"You shall know the truth, and the truth shall make you odd." ~Flannery O'Connor

Wednesday, February 06, 2008

Super Tuesday thoughts

It is for good reason that I keep my posts about American politics, especially presidential politics, rather few and far between. Much like my theology, my political views tend to offend partisans on each main side equally. And since, in today's polarized environment, odium politicum gets much nastier than odium theologicum, I see little to gain by stirring up the former against myself. But after talking about the Super Bowl, I can't restrain myself from talking about the more serious "super" competition. Catholic social teaching is clear about the duties of citizenship, and I can best exercise mine by trying to get people thinking about politics from the standpoint I believe to be the most important.

First, the newsy part. On the Democratic side, the choice has come down to a woman and an African-American. Unless one is a racist or an old-fashioned sexist—as opposed to a new-fangled sexist who, like NOW, really wants more rights and privileges for women than for men—one has to see that as good news for the country. Last night's results have kept Clinton and Obama locked in a close race that could remain undecided all the way to the convention. That is also good for the country: it means that everybody who wants to have a say is more likely to have one than they would otherwise be. On the Republican side, things also remain far from decided, even though the pundits are already anointing John McCain, once broke and supine, as the presumptive nominee. As a "social conservative," I myself came out gingerly for Huckabee a few months ago; but despite his gamey performance last night, he now looks most unlikely to get the nomination. It's pretty much McCain vs. Romney, with the true-red conservatives favoring the latter and everybody else the former.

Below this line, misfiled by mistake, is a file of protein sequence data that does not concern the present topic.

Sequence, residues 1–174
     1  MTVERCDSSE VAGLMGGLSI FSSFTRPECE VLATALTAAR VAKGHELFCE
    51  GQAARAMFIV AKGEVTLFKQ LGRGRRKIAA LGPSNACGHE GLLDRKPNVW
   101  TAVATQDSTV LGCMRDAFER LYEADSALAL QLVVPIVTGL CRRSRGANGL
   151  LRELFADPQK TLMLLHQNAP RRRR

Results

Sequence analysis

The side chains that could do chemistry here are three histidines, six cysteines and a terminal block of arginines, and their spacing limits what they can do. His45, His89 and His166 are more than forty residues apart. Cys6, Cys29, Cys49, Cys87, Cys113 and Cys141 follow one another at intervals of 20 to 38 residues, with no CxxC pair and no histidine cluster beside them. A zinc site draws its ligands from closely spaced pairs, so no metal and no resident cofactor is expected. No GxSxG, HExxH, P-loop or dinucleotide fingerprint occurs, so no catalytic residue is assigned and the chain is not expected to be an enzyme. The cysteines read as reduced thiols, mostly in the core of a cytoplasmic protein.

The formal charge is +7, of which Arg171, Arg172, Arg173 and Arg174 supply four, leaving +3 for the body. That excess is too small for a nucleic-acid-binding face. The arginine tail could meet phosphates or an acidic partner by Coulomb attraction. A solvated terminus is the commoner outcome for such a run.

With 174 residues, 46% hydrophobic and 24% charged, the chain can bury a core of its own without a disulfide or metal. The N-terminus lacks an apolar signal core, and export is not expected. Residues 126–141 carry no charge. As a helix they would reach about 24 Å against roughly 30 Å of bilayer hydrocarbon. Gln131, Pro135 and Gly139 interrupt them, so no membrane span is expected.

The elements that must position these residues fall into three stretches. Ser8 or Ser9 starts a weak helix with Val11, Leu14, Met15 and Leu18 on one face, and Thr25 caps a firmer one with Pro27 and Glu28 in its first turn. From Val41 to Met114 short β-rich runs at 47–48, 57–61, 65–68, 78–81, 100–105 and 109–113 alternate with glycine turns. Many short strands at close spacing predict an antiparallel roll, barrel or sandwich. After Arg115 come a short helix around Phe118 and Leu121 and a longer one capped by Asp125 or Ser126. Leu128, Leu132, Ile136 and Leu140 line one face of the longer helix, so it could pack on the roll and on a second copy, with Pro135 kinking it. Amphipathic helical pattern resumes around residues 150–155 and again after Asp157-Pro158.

Now let me make clear that I am not a registered member of either major party. I am not a registered Republican because, even though my social conservatism often disposes me better to Republicans than to Democrats, I don't think the party as a whole deserves my allegiance or that of any rank-and-file voter. It harbors too much corruption and shows too little philosophical coherence. The only common denominator I see in the GOP is a tendency to favor wealth and power: the affluent at home, and throwing US weight around abroad. While that doesn't always produce policies I disagree with, I am unimpressed on the whole. And yet, like many Catholics, I cannot vote for any candidate who supports the Roe regime. For that reason and others, I cannot be a Democrat. While the Democrats are less taken with wealth and power than the Republicans, what I see in that party is a set of tendencies that would make sense only for a polity with a collective death-wish. Whatever some individuals within the party may profess, the Dems as a whole favor abortion and "gay rights" at home, and retreat in face of our enemies abroad. One might sum up the choice presented to Americans by the two major parties as that between Daddy without Mommy and Mommy without Daddy. It's like being forced to choose between one's divorced parents.